The typical enterprise organization can hold thousands of patents, with dozens added each year. This intellectual property has the power to produce revenue for the company, create barriers to entry for competitors, and mitigate risks from other patent holders. Of course, patents also give the holder a temporary monopoly, during which time they can overtake competitors and gain tremendous market share.
With the immense power intellectual property gives any company, it seems as though constant maintenance and evaluation would be the norm. In fact, many businesses have no idea what the value of their IP is. They’re unaware of how much money they might be losing out on each and every year.
A lack of knowledge can affect your bottom line in several different ways. Let’s examine what could happen if you don’t know the value of your IP.
Lose Proprietary Market Advantage
Understanding the power of the patents in your portfolio helps you attain and maintain market advantage. Consider Amazon, which patented the one-click purchasing method for its ecommerce site. Now, several other companies have employed a similar tool on their ecommerce sites, perhaps through licensing deals with Amazon or, perhaps, through a lack of understanding or knowledge about the risk they face in using patented technology.
Were this patent simply sitting in a file somewhere gathering dust, Amazon may have missed out on the chance to file an infringement suit against Barnes & Noble when the struggling bookseller attempted to incorporate the one-click model into their own ecommerce website. Instead, they took quick and decisive action to protect the market share they’d gained when edging Barnes & Noble out of the picture with their ecommerce model.
Put Technology and Business Methods at Risk
We can look to this same technology from Amazon to put this particular point to the test, too. Yes, other online competitors use the one-click method that Amazon has patented, and Amazon has certainly exercised its right to file infringement suits against many of them. Those suits have served to preserve their market share, as we examined with Barnes & Noble, but they also serve to protect the technology and business methods of Amazon.
Another example might be Dell, which used its patents in a cross-licensing deal with IBM for $16 billion. They first had to understand the value of their patents before they could even attempt this type of deal, which is point number one. That knowledge helped them create this deal, which frees Dell from paying tens of millions in royalties while also receiving components at a lower cost. The savings over time has helped Dell also keep their pricing competitive. In effect, an understanding of their IP valuation helped them protect their business method.
Lose Branding Effectiveness
While we’ve mentioned Gillette before regarding their loss of market share to direct-to-consumer razors from companies like Harry’s and Dollar Shave Club, it’s important to note that their intellectual property has been a shield for them in the past.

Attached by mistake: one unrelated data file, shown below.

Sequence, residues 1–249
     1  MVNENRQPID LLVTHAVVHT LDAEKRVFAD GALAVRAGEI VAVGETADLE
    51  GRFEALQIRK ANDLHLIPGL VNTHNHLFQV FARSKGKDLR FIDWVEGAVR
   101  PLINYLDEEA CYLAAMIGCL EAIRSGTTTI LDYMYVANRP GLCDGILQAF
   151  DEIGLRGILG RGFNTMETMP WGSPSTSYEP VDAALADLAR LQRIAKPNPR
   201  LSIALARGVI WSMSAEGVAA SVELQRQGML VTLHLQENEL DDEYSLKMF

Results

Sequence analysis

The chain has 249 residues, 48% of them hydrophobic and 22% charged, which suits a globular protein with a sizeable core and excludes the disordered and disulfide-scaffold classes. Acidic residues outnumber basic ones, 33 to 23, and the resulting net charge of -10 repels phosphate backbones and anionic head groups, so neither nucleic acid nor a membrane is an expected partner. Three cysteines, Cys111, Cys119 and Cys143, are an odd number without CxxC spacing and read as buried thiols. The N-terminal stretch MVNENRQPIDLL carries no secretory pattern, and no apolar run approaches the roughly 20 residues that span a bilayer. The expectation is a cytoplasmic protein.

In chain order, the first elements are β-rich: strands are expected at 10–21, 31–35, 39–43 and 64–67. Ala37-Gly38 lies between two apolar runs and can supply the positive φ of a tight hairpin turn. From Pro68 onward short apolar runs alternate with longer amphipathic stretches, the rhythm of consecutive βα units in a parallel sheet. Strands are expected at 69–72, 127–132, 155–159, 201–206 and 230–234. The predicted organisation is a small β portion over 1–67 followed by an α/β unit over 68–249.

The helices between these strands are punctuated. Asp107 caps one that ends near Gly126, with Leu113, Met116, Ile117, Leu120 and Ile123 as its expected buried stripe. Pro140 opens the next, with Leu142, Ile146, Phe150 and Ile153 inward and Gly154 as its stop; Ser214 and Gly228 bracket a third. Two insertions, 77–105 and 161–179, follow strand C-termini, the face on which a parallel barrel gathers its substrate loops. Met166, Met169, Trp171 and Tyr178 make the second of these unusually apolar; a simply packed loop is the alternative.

Their use of patents helped them build and sustain an immense hold over the razor market for decades—to the point that Gillette became synonymous with razors. By building a wall around their product, they were able to slow their competitors to the point that duplication became nearly impossible.
The only way for any company to begin taking some of that market share was to find a new way to do business—not a new way to make razors. Which brings us to the next point.
Blind to Competitor Disruption and Market Shifts
When we did discuss Gillette’s loss of market share to online razor distributors, we talked about how they might have avoided the problem with some advance knowledge of what intellectual property had been applied within their industry. When Dollar Shave Club came along and started chipping away at the market share, Gillette filed suit. But they were fighting the wrong battle.
By the time they were able to catch on to the real fight, the razor subscription service, they were too late. Just like Blockbuster before it.
If you’re unaware of your current intellectual property holdings, you don’t even know what to look for in the technology landscape. You can’t make connections between the prior art you’ve cited and that cited by another patent holder. Without those connections, you stand at risk of being blindsided by disruptors and competitors—and then your valuable IP is no longer of use.
Increased Maintenance Costs
So, we’ve discussed the many ways a lack of knowledge about your company’s IP value could bring risks that lead to loss of revenue and market share. Let’s talk about what happens when those patents you don’t even plan to use sit dormant.
Why would you continue to maintain intellectual property that you never intend to use? You could monetize those patents by licensing or selling to make room for technology that does benefit your business. You could also use the knowledge of your IP to pursue infringement against companies that have been using your intellectual property for their own gain. The question is: which patents are worth keeping so that you could fight, and which would serve you better by letting go?
Without a deep understanding of the value of your IP, you may never know. And you’ll also never know the amount of money you’re letting slip through your fingers on a daily basis.
If you’d like to explore the value of your company’s intellectual property and patent holdings, give us a call. We can quickly and effectively score every patent in your portfolio to give you a starting point. From there, we can help you determine the best uses for your company’s patents.